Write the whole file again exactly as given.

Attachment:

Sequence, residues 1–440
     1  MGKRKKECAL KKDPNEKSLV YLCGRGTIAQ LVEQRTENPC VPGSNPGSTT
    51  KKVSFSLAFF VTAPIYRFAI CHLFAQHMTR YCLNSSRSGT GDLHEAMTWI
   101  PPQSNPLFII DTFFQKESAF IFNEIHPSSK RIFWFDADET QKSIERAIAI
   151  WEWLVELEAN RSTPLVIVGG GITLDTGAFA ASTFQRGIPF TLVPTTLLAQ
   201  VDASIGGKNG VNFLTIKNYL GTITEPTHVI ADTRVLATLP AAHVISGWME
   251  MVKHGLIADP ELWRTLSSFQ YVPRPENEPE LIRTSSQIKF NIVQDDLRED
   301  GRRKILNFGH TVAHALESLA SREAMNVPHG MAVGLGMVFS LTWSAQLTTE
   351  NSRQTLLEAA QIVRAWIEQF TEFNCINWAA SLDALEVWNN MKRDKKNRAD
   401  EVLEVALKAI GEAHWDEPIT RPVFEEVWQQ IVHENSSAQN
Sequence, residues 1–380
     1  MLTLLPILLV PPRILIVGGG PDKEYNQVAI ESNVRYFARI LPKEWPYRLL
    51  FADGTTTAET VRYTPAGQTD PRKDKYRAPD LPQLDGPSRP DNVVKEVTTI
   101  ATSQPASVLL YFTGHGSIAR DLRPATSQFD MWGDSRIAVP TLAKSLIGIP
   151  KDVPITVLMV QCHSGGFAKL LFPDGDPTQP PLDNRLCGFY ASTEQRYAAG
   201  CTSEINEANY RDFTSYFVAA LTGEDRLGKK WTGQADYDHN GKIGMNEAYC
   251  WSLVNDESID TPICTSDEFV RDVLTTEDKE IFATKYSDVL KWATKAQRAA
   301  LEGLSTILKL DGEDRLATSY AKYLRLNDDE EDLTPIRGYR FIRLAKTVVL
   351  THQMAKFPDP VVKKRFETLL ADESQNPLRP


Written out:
Sequence, residues 1–440
     1  MGKRKKECAL KKDPNEKSLV YLCGRGTIAQ LVEQRTENPC VPGSNPGSTT
    51  KKVSFSLAFF VTAPIYRFAI CHLFAQHMTR YCLNSSRSGT GDLHEAMTWI
   101  PPQSNPLFII DTFFQKESAF IFNEIHPSSK RIFWFDADET QKSIERAIAI
   151  WEWLVELEAN RSTPLVIVGG GITLDTGAFA ASTFQRGIPF TLVPTTLLAQ
   201  VDASIGGKNG VNFLTIKNYL GTITEPTHVI ADTRVLATLP AAHVISGWME
   251  MVKHGLIADP ELWRTLSSFQ YVPRPENEPE LIRTSSQIKF NIVQDDLRED
   301  GRRKILNFGH TVAHALESLA SREAMNVPHG MAVGLGMVFS LTWSAQLTTE
   351  NSRQTLLEAA QIVRAWIEQF TEFNCINWAA SLDALEVWNN MKRDKKNRAD
   401  EVLEVALKAI GEAHWDEPIT RPVFEEVWQQ IVHENSSAQN
Sequence, residues 1–380
     1  MLTLLPILLV PPRILIVGGG PDKEYNQVAI ESNVRYFARI LPKEWPYRLL
    51  FADGTTTAET VRYTPAGQTD PRKDKYRAPD LPQLDGPSRP DNVVKEVTTI
   101  ATSQPASVLL YFTGHGSIAR DLRPATSQFD MWGDSRIAVP TLAKSLIGIP
   151  KDVPITVLMV QCHSGGFAKL LFPDGDPTQP PLDNRLCGFY ASTEQRYAAG
   201  CTSEINEANY RDFTSYFVAA LTGEDRLGKK WTGQADYDHN GKIGMNEAYC
   251  WSLVNDESID TPICTSDEFV RDVLTTEDKE IFATKYSDVL KWATKAQRAA
   301  LEGLSTILKL DGEDRLATSY AKYLRLNDDE EDLTPIRGYR FIRLAKTVVL
   351  THQMAKFPDP VVKKRFETLL ADESQNPLRP